Three separate sessions of work in small groups gave excellent opportunity for networking. A big thank you too to the Cathedral volunteers who helped in the preparation and on the day.
There is a “Community of the Cross of Nails” at Coventry Cathedral about Reconciliantion and there are now 170 associated communities. 40 years ago one of these held a conference about care of the environment in Tennessee. One of the people at that conference , Kenyon Wright from Edinburgh attended our conference too.
First Morning – 18 September
The key speakers would give inspiring talks during the conference: Bishop James Jones, Prof Richard Bauckham and Prof Ghillean Prance (former director of Kew Gardens and then the Eden Centre).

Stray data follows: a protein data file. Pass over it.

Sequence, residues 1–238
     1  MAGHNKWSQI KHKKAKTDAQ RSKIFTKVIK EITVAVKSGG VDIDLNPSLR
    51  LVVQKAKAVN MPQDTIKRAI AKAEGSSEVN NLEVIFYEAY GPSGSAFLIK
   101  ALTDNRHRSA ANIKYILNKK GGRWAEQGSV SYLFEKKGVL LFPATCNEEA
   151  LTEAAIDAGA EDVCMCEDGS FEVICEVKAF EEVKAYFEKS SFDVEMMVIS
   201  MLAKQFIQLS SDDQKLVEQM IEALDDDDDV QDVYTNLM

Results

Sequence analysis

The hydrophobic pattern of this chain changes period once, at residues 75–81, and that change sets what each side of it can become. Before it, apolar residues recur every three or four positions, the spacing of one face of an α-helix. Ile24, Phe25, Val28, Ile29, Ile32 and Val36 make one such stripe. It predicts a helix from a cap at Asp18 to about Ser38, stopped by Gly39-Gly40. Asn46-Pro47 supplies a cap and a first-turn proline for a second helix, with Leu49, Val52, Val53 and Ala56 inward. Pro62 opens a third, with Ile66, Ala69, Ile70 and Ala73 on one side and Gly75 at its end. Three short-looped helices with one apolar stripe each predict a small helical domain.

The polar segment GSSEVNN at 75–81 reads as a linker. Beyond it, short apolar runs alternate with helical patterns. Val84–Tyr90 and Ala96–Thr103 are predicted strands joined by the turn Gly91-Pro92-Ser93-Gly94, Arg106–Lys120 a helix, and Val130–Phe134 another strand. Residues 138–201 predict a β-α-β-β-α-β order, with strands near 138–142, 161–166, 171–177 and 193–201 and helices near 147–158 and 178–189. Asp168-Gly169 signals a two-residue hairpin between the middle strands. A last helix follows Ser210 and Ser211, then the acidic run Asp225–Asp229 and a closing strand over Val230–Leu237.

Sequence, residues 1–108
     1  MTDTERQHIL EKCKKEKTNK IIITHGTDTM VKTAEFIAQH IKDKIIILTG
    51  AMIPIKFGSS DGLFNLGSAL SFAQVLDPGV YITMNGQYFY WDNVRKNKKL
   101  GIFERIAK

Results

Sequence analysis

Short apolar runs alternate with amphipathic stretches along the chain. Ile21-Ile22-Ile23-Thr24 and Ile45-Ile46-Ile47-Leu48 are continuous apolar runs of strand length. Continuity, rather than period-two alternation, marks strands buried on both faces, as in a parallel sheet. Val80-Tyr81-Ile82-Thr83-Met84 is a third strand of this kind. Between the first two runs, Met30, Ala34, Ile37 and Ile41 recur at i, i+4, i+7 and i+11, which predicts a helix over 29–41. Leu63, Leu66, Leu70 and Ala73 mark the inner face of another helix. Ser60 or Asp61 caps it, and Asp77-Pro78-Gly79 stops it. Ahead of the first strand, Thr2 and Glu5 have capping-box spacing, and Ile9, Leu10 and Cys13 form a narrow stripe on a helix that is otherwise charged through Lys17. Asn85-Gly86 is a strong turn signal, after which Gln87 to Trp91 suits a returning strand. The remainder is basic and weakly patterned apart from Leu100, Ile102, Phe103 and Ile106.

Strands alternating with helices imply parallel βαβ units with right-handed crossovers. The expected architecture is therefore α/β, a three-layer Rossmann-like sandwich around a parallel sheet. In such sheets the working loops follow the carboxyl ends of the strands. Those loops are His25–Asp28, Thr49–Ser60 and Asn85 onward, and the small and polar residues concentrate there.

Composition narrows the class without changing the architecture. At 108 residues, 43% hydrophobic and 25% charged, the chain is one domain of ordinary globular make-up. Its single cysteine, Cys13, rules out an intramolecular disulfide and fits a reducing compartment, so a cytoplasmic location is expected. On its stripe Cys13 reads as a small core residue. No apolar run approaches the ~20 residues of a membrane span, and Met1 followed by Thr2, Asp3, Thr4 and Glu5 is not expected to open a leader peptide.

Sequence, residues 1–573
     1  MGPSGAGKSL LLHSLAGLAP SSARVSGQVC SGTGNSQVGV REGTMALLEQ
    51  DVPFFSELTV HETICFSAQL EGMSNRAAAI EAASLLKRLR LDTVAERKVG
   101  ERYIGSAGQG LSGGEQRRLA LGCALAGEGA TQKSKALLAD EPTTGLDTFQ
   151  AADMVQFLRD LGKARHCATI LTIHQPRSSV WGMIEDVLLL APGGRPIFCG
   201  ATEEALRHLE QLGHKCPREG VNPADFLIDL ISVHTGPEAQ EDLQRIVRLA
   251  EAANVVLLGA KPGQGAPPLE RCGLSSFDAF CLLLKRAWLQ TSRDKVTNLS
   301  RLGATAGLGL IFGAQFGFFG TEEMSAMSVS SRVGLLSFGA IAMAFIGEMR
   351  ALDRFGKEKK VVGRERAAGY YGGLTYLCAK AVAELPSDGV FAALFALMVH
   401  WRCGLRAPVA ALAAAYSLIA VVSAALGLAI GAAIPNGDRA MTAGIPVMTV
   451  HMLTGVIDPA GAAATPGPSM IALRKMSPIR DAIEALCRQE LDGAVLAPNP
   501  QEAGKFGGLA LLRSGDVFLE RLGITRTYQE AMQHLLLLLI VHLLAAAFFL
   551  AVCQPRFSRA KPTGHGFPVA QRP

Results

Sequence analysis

First, Revd Margot Hodson gave a worshipful introduction (see 2 videos below)
Margot Hodson -“Christ died to reconcile all things” (Colossians 1 v20)- a 1 min snippet from the conference and see also
“We are the body of Christ so we feel the pain of all creation” – a more detailed explanation -(3min 10 sec)
Sir Ghillean Prance gave us stories of hope.
He described the boat journey in the Amazon organised by The Patriarch of the Orthodox Church – with 50 scientists, 50 theologians, 50 journalists.. – Bishop James Jones was there too. (The Pope in Note 8 and 9 of his encyclical describes Patriarch Bartholomew) . Prance said that later Brazil made laws relating to not cutting down rainforest for soya.
He described how the Aymara Indians had a traditional system involving letting some land lie fallow: The government forced them to cultivate all the land the total agricultural productivity went down.!! A consortium of Missionaries working there saw what was happening and persuaded the government to allow them to continue havin a period of allowing the land to be fallow.